Sunday, May 20, 2018

Rules of the Game by Amy Tan - Analysis

The author of the story Rules of the Game, Amy Tan, is the daughter of Chinese immigrants, who grew up in California. The main character is a girl named Meimei, who absorbed knowledge about the rules for living in a society which she learned from her mother and people around her.

The author wrote in the first line, "I was six when my mother taught me the art of invisible strength. It was a strategy for winning arguments, respect from others". The title of the story is connected with the idea of following rules for individuals living in society. Because of that, the story seems contain autobiographical memories told from the point of view of a Chinese girl who lived with her family in San Francisco's Chinatown.

The mother of the girl demanded that she, “bite back her tongue" when the girl begged for candies in the shop. Next time, only after the girl accepted this advice, did her mother buy the candies without her asking. Her mother "quietly plucked a small bag of plums from the rack and put it on the counter with the rest of the items.".

The Chinese community kept it’s identity, it was represented in the story by a few episodes. The first one was about a restaurant where the menu was only in Chinese. When one foreigner asked Meimei what they served there, she shouted, “Guts and duck's feet and octopus gizzards!” and ran off. The second episode was about the statement which one boy said in the class that Chinese people do Chinese torture. When Meimei asked her mother about it, she replied “Chinese people do many things ... Chinese people do business, do medicine, do painting. Not lazy like American people. We do torture. Best torture.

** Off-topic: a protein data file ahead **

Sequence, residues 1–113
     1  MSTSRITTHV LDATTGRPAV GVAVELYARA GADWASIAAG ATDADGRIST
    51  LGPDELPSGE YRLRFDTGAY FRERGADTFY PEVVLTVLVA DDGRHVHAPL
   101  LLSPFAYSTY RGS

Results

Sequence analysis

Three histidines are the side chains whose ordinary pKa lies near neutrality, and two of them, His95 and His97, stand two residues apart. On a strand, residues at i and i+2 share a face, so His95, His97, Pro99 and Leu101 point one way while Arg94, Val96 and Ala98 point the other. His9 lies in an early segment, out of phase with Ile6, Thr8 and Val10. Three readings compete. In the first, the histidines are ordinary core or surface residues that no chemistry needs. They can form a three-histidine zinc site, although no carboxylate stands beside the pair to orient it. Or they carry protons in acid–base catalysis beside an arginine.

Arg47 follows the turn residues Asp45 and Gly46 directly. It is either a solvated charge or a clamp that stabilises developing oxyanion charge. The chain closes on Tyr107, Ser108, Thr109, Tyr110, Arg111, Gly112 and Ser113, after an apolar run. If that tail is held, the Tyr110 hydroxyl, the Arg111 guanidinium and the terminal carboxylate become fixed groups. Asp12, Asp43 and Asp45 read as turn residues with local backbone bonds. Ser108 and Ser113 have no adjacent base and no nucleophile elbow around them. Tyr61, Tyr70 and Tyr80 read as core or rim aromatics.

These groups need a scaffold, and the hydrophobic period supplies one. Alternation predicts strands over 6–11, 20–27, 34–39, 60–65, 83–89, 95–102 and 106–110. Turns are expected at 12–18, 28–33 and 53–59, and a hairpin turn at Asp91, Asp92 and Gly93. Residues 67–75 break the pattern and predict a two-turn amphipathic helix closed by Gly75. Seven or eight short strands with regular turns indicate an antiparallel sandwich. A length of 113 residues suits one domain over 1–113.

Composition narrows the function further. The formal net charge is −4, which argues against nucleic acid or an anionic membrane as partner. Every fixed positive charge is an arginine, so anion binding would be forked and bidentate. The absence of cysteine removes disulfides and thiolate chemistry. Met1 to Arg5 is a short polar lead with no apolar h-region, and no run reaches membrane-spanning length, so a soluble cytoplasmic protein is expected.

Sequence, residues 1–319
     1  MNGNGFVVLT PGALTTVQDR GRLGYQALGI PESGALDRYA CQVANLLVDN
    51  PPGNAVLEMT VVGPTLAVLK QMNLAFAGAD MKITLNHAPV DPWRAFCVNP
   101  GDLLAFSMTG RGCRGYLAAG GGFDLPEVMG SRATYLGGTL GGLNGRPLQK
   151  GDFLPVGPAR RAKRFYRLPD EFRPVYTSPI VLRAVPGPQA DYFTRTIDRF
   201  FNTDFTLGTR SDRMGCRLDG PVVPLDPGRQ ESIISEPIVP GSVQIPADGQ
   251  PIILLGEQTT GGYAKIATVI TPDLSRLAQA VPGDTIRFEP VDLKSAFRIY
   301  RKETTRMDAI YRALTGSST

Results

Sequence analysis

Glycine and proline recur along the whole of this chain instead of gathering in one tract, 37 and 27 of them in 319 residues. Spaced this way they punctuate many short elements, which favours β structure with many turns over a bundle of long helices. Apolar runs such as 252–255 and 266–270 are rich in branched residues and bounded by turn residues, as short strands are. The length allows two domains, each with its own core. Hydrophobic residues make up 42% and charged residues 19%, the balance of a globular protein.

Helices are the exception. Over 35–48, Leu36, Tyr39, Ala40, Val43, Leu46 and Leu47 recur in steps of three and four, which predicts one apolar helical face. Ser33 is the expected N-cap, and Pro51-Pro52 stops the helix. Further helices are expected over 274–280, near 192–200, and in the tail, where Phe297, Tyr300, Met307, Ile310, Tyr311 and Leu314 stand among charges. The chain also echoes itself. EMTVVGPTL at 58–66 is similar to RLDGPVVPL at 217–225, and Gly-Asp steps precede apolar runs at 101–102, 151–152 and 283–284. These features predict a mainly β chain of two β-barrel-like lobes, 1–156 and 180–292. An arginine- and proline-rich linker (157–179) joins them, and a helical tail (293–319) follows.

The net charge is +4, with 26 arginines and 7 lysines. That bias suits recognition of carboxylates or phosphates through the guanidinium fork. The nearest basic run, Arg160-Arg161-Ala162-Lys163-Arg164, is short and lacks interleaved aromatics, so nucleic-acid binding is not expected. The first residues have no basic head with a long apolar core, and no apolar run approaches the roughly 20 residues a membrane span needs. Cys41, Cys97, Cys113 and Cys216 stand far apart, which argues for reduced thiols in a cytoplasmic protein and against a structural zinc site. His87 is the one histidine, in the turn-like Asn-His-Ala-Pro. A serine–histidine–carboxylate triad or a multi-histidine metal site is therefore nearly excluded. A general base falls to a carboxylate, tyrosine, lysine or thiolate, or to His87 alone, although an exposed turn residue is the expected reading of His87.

The core part of the story is dedicated to chess. Once the children received a chess set as a Christmas gift. Two of Meimei's older brothers started playing the game and Meimei begged them to allow her to play too. After, her brother briefly explained her the basic rules, she asked why the pawn could move only to the one direction. The answer was about chess but it could be referred to the general knowledge which every child faced:

Why can't they move more steps?” “Because they're pawns,” he said. “But why do they go crossways to take other men? Why aren't there any women and children?” “Why is the sky blue? Why must you always ask stupid questions?” asked Vincent. “This is a game. These are the rules. I didn't make them up. See. Here. In the book.

Eventually, Meimei studied the rules of the game, she became a regional chess champion. The success came when she understood the rules of this game. The idea of accepting rules for definite achievements was presented by the author as a crucial thing. Success will come for those people who know the rules.